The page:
The Orthodox Church is the Church founded by Jesus Christ and described throughout the New Testament. All other Christian Churches and sects can be traced back historically to it. The word Orthodox literally means "straight teaching" or "straight worship," being derived from two Greek words: orthos, "straight," and doxa, "teach­ing" or "worship." As the encroachments of false teaching and division multiplied in early Christian times, threatening to obscure the identity and purity of the Church, the term "Orthodox" quite logically came to be applied to it. The Orthodox Church carefully guards the truth against all error and schism, both to protect its flock and to glorify Christ, whose Body the Church is.


God-fearing Christians believe that Jesus accepted crucifixion on a cross for the benefit of us all. The message from this is at the heart of all true gospel preaching and consequently the cross symbol is used by two billion Christians all over the world.

This has not always been the case however. Christians didn't use the sign of the cross as their religious symbol for many generations after Christ was crucified. Rather than being a Christian symbol it had associations with executioners.

So initially, Christians adopted the fish fish symbol to identify their religion. Then, early in the fourth century, when execution by crucifixion was abolished by Emperor Constantine and Christianity became the state religion of Rome, the cross became the emblem for Christians.
Here are some samples of Crosses

Eastern Orthodox Cross

Also known as the Russian Cross, Ukraine Cross, Slavic Cross and Byzantine Cross, the Eastern Orthodox Cross is a Latin Cross with two additional cross beams. This cross is distinctively different from other Christian crosses. The deep symbolism and the tradition of icons was preserved from Byzantium through the Christian Empire it created in Russia. Byzantium was the captial of the Christian Byzantine Empire, later renamed Constantinople and currently Istanbul. The culture of the area is a rich mixture of different traditions of iconography. This is reflected in the additional beams on the cross.

The top beam represents the plaque bearing Pontius Pilate's inscription written in Latin, Greek and Hebrew, "Jesus the Nazorean, King of the Jews". The letters INRI typically inscribed on this beam are from the Latin which reads, "Iesus Nazarenus Rex Iudaeorum". This upper beam is found not only on the Orthodox Cross but also on the Patriarchal Cross.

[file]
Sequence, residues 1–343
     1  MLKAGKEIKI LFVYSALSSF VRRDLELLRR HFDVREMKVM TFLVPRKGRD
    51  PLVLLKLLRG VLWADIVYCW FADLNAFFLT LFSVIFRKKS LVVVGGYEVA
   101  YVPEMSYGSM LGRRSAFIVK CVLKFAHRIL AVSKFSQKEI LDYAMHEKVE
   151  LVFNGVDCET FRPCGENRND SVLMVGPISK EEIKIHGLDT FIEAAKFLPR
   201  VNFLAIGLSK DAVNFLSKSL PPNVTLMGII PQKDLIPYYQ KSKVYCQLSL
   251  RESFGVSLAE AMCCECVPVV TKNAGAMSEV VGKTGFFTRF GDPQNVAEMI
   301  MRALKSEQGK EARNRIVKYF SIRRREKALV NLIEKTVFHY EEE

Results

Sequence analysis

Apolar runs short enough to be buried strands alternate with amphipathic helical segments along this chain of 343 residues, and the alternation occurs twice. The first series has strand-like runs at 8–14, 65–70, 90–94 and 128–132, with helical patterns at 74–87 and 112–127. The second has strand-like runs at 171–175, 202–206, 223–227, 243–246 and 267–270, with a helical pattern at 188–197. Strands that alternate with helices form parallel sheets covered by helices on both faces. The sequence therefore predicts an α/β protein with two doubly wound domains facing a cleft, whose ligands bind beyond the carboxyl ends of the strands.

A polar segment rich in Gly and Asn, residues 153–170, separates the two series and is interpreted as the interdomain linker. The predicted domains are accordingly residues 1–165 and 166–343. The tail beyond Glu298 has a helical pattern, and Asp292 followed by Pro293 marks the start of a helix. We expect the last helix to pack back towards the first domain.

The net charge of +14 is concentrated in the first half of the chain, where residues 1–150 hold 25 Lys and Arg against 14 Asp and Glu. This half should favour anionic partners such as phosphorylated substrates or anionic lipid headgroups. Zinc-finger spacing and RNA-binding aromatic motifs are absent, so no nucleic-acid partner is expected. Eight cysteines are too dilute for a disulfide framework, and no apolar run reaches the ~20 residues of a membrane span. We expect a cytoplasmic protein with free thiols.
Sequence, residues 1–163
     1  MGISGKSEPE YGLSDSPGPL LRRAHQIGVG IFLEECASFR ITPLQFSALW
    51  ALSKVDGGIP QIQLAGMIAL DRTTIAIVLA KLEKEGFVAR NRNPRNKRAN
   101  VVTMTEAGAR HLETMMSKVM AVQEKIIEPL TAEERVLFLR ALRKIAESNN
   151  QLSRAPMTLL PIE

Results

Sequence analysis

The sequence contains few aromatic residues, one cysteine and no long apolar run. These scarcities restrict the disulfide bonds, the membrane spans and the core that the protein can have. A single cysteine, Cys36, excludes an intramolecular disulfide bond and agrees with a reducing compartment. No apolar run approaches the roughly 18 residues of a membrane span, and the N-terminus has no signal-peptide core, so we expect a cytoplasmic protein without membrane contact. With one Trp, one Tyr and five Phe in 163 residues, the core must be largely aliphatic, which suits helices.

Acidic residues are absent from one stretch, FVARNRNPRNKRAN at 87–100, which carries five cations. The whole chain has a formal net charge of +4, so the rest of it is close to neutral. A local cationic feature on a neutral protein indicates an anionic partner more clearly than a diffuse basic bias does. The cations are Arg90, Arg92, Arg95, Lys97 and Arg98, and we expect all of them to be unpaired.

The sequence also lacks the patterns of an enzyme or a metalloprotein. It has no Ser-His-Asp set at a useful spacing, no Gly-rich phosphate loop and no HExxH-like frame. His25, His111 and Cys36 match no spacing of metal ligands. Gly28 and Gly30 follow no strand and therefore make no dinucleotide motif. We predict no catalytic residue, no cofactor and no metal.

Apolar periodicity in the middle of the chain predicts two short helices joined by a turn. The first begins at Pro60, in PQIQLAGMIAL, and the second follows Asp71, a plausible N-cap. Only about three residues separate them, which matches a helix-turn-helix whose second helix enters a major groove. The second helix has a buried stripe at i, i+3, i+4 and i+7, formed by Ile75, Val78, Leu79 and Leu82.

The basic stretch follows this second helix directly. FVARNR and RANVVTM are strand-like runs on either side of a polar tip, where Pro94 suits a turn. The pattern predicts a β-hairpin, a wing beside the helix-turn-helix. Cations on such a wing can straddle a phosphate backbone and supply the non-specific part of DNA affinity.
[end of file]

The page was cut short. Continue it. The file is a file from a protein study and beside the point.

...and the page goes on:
A popular theory from the eleventh century, is that the slanted lower beam represents a foot-rest. The slant symbolizes a balance scale showing the good thief, St. Dismas, having accepted Christ would ascend to heaven, while the thief who mocked Jesus would descend to hell. In this interpretation, the Cross is a balance-scale of justice. A similar lower beam is also found on another form of Patriarchal Cross where there is only one upper beam.

The slant is invariably shown high on the left and low on the right and when interpreted as the Slavic Cross, the lower beam is understood to be one arm of a superimposed St. Andrew's Cross. The Apostle St. Andrew was the first Christian missionary to Russia. The story goes that when Andrew preached in southern Russia, he used a large three-bar cross as a visual teaching aid. All three bars were parallel, and when relating the Passion he tilted the lower footrest to signify that those on the right side of Christ will rise up into heaven and those on the left will slide down into hell.

The Cross of St. Nicholas

Like most saints there is no single specific cross associated with St. Nicholas, and in his case, we hear more of Santa Claus than Saint Nicholas himself or his cross. Even so, he is one of the most popular saints, especially for Eastern Catholics and the Orthodox. Due to his charity and concern for the welfare of children, the Archbishop Nicholas (280-342 A.D.) of the Mediterranean port of Myra (Turkey) became Saint Nicholas and is the patron of children and travellers.

Budded Cross

A Latin Cross with three 'buds', it is called a Budded Cross.

In Christianity, the three-leafed clover end caps remind believers of the Trinity. This trefoil design is probably copied from earlier Celtic Druidry, where they represent the three dominions of earth, sky and sea. Like the appendages of other crosses, the 'buds' have other interpretations. For example, a connection with Aaron's staff that budded (see Numbers 17) and was preserved in the Ark of the Covenant, showing that life can emerge from death and renewed life from difficult circumstances. Or like the buds of a flower where a journey of growth in faith, like flowers growing but not yet bloomed.

Since there are four arms, each with three buds, another name of this cross is the Apostles Cross, with one bud for each of the twelve budding Christian apostles. (See also the Consecration Cross.)

This cross is known in heraldry as the Treflee, Trefoil, Bontonee or Bottony Cross (from the French bouton a button) and is an artistic variation of the Cross Crosslet.